We spend a lot of time in this industry talking about collaboration between manufacturers and retailers. We expound on the benefits of retailers and suppliers working together, strengthening the links of the "value chain" and ultimately serving the customer better, faster, more efficiently.
And while there is no doubt that these are necessary pursuits, it strikes me that we should also look within our own organizations when exploring the concept of "collaboration" in its purest meaning.
How well do your marketing folks work with their merchandising counterparts? Does IT play well with others? Does your organization regularly assemble and employ cross-functional teams to tackle large-scale projects?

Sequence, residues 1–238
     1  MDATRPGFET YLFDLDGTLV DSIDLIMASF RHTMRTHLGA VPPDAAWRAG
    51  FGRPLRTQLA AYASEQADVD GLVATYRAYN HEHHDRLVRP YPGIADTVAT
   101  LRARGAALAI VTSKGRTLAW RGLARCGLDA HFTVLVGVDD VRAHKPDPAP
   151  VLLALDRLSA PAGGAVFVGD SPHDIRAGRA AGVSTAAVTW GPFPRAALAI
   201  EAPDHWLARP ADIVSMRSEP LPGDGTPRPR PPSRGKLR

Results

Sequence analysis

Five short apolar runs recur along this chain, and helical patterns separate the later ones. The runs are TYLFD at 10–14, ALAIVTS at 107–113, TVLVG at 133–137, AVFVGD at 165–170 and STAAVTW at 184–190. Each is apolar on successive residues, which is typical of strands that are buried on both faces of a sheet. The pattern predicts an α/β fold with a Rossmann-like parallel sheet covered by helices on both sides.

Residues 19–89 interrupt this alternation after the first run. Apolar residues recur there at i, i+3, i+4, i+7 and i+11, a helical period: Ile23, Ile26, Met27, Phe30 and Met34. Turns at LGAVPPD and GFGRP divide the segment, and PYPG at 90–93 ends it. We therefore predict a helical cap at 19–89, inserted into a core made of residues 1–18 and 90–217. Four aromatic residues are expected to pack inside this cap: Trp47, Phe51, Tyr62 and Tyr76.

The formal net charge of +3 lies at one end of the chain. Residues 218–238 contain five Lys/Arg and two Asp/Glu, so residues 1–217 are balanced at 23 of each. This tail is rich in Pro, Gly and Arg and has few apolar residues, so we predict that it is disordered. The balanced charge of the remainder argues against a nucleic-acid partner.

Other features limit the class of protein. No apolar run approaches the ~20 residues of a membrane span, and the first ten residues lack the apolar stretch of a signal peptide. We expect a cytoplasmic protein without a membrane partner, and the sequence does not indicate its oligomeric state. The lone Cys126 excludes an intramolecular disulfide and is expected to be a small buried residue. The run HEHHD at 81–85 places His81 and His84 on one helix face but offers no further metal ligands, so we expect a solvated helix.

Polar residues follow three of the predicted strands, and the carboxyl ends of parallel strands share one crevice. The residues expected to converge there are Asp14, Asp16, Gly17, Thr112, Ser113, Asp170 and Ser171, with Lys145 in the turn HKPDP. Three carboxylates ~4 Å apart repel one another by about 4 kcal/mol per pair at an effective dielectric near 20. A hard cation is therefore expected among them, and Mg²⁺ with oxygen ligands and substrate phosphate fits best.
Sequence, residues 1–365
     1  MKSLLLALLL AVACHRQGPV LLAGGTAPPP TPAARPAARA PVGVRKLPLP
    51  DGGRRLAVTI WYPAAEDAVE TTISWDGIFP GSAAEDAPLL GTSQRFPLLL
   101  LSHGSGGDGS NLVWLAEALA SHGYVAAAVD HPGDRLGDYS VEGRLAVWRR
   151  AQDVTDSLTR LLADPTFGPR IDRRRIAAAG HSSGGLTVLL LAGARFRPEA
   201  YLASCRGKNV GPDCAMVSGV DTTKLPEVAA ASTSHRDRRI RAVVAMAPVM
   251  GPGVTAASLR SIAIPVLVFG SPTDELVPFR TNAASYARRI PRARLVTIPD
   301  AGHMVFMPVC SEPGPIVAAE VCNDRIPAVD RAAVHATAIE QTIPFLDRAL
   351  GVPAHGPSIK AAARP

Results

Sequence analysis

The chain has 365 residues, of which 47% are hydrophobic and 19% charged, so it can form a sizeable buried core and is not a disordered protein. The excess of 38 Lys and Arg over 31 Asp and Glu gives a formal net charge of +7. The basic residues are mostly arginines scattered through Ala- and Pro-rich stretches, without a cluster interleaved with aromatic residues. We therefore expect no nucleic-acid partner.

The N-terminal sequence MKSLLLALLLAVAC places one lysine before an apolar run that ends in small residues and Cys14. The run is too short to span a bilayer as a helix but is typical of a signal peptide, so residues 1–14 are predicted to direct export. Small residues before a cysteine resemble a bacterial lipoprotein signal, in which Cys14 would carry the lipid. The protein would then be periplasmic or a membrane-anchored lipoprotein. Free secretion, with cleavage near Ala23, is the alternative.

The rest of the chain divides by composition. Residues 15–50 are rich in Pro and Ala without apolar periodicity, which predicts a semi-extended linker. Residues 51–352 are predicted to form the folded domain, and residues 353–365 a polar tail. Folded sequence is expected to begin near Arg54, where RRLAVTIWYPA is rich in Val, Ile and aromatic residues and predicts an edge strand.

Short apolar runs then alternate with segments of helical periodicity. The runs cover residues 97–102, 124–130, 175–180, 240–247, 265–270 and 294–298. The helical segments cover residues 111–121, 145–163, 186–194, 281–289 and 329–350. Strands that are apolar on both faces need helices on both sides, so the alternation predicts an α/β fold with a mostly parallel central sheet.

Or does a quick self-assessment show that, much like the industry as a whole, many of our own organizations have some work to do in breaking down internal organizational silos.
In "Creating a Culture of Innovation" (p.18), Lisa Gundry, director of DePaul University's Center for Creativity and Innovation, challenges leaders to encourage workers at all levels to interact with one another. Cross-pollination of ideas is critical, Gundry explains, "To get the best ideas, you've got to have a lot of ideas."
Like any other desired change in corporate culture, the impetus for internal collaboration must come from the top. Stay focused on the value chain, for ultimately it serves the customer.
But don't forget to foster that same notion of collaboration internally, because all of the complex management theory in the world still doesn't override the values of "team" and "leadership."